It's practically a foregone conclusion that Crazy Heart star Jeff Bridges will win the best actor Academy Award for playing Bad Blake, an ornery cuss drinking away his country music career and maybe his life. It is also widely conceded that Crazy Heart would be a rather ordinary movie without Bridges' marvelously etched portrait of Bad at its center. We've watched films about country singers on whiskey-soaked slippery slopes too many times for writer-director Scott Cooper to invent new verses. But Bridges accomplishes something astonishing with this role, something so genuine that rock bottom isn't deep enough to describe Bad's situation. What makes this performance great isn't that Bad can't hold his liquor; it's the way Bridges handles it for him, not as a showy drunk but as man too accustomed to drinking.
Here's an example: Bad's lying in bed, talking to the good-hearted woman (Oscar nominee Maggie Gyllenhaal) who every good-timing man in these movies deserves. A tumbler of whiskey rests on his belly, rising and falling with every breath but nary a ripple. Bad has reclined like this so often that he knows exactly where to position the glass so he won't need to touch it until he's thirsty.
Seconds later, Bad's ready to move the glass to the nightstand. Bridges grips it with his fingertips and in one fluid motion awkwardly cocks his arm, twists his wrist and sets it down safely without looking. It's a reflex now that Bad probably took years and spilled spirits to master. Bridges constantly identifies such small gestures, echoing every binge that sank Bad to the depths where we find him.
Such subtlety can be overshadowed by Crazy Heart's rowdy, radio-ready musical numbers, with Bridges superbly aping the sandpaper twang of a bona fide country music outlaw. The songs, mostly composed by T-Bone Burnett, Ryan Bingham and the late Stephen Bruton, carry almost as much of the narrative as Cooper's script.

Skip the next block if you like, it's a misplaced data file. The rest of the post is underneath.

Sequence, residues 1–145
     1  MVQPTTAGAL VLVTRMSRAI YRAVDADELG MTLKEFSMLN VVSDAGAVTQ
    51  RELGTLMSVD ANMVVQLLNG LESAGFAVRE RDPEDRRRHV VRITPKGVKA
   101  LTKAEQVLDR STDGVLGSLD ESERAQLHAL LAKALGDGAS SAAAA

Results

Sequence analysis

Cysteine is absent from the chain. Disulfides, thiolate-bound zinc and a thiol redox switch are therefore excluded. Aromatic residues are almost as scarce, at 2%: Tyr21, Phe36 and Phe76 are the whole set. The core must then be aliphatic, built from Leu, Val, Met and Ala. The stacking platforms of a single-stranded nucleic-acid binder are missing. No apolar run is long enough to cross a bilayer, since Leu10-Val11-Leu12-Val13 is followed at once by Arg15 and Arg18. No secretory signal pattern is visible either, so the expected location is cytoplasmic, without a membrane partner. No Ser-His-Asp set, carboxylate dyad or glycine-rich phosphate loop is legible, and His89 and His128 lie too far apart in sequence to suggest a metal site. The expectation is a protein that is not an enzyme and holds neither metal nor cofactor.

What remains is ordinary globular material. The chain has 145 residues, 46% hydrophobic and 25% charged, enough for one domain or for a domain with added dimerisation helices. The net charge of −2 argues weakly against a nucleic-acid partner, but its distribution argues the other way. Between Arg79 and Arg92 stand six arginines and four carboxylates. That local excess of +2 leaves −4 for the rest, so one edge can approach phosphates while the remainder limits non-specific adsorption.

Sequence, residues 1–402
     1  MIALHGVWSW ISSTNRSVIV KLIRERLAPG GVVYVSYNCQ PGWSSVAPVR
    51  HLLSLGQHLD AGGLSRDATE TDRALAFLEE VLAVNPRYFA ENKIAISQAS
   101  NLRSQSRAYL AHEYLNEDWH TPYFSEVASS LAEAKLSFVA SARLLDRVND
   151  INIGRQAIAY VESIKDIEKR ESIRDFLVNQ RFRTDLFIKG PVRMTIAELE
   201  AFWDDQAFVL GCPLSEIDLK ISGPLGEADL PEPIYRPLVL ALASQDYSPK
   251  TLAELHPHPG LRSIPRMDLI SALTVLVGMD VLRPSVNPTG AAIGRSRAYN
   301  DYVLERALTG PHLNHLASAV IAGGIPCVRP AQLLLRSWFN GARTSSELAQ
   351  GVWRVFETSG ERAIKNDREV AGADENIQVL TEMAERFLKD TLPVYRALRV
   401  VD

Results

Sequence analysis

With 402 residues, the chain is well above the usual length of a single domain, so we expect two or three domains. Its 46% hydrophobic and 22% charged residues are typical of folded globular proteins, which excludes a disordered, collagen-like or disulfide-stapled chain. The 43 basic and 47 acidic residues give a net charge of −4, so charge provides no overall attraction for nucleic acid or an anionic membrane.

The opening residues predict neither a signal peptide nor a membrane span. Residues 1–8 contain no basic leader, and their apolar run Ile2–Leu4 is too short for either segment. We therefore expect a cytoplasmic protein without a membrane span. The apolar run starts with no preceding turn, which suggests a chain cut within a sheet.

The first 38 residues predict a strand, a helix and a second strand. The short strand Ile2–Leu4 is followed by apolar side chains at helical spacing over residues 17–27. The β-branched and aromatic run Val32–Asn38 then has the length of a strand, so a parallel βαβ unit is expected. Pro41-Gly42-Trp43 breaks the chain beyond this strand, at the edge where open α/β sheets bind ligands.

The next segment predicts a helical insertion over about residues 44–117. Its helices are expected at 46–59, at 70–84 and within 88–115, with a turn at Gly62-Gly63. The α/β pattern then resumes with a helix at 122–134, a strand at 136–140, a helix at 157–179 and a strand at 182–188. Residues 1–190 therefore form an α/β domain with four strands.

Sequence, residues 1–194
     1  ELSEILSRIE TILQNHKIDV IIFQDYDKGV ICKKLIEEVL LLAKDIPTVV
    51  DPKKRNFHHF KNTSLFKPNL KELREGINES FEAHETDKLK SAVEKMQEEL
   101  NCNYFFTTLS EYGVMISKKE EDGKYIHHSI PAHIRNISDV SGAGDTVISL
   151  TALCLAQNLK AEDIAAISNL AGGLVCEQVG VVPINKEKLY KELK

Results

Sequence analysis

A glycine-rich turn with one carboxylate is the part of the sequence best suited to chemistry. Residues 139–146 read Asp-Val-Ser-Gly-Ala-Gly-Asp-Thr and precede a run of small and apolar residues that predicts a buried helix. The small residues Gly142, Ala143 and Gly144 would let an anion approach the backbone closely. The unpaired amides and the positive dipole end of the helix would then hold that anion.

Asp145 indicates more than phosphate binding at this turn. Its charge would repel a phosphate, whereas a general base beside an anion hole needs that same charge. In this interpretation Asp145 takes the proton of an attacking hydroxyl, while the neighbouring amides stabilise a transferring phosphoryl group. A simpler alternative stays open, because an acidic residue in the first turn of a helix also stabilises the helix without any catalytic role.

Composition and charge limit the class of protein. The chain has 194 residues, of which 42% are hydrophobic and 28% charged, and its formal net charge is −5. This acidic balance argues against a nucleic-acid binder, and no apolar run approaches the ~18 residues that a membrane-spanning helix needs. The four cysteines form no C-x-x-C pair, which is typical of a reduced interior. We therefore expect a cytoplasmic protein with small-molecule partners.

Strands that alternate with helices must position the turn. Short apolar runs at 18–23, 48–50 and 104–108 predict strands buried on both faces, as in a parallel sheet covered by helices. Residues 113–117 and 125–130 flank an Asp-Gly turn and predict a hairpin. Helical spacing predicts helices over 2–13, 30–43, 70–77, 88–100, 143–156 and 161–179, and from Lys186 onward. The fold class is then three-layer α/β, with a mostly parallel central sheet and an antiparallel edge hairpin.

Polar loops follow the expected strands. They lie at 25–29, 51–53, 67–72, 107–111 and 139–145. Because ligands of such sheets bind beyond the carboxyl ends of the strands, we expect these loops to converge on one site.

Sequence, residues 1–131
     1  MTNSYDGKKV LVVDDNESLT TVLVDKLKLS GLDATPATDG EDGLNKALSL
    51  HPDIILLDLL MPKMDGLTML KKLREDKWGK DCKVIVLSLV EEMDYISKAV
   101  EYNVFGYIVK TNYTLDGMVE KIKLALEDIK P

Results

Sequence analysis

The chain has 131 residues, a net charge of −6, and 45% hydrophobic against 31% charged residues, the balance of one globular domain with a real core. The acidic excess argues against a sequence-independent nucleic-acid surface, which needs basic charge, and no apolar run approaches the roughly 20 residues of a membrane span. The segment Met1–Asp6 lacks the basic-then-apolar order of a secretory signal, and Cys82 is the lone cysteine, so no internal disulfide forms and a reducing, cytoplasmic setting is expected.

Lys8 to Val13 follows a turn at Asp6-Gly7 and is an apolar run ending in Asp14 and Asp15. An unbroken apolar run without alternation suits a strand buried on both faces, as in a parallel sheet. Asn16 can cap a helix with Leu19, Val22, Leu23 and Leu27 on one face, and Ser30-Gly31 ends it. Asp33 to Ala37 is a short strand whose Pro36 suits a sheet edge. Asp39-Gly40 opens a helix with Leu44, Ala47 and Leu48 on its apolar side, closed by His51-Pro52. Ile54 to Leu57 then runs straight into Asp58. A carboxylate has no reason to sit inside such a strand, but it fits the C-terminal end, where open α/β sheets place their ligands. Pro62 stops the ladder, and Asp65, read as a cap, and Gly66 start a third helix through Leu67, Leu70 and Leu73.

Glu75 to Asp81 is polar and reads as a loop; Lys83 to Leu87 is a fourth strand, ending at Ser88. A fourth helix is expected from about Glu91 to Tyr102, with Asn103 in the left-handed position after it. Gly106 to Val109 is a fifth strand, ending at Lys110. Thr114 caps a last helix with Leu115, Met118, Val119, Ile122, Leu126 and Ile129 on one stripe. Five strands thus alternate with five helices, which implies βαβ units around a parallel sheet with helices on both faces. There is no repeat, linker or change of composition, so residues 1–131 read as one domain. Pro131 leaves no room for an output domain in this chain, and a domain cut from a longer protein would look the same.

"I used to be somebody, but now I'm somebody else," Bad growls in his introductory concert, and we immediately know it's true. "Funny how fallin' feels like flyin' for a little while," he later croons, and few people know better than Bad. Crazy Heart isn't a musical yet uses its songs to better dramatic effect than the flaccid Nine did.
Since this is a character study, Crazy Heart isn't as concerned with plot as much as how Bad deals with his next decision. Bad could stop playing low-paying one-night stands if he'd swallow his pride and write songs for his former protege, now a Nashville star (Colin Farrell, surprisingly fine as a Kenny Chesney type). He could settle down with Jean (Gyllenhaal) and her moppet son (Jack Nation), who bring out the best in Bad by urging him to put down the bottle.
It's a familiar theme, one that many country songs contain and the best ones find fresh, thrilling ways to express. For Crazy Heart, the difference between the same old song and something special is Bridges' performance, transcending cliches with such effortless sincerity that even lighter moments can make you weep. Funny how Bad's falling does feels like flying, thanks to an acting master on the brink of finally getting his due.
Steve Persall can be reached at firstname.lastname@example.org or (727) 893-8365. Read his blog, Reeling in the Years, at blogs.tampabay.com/movies.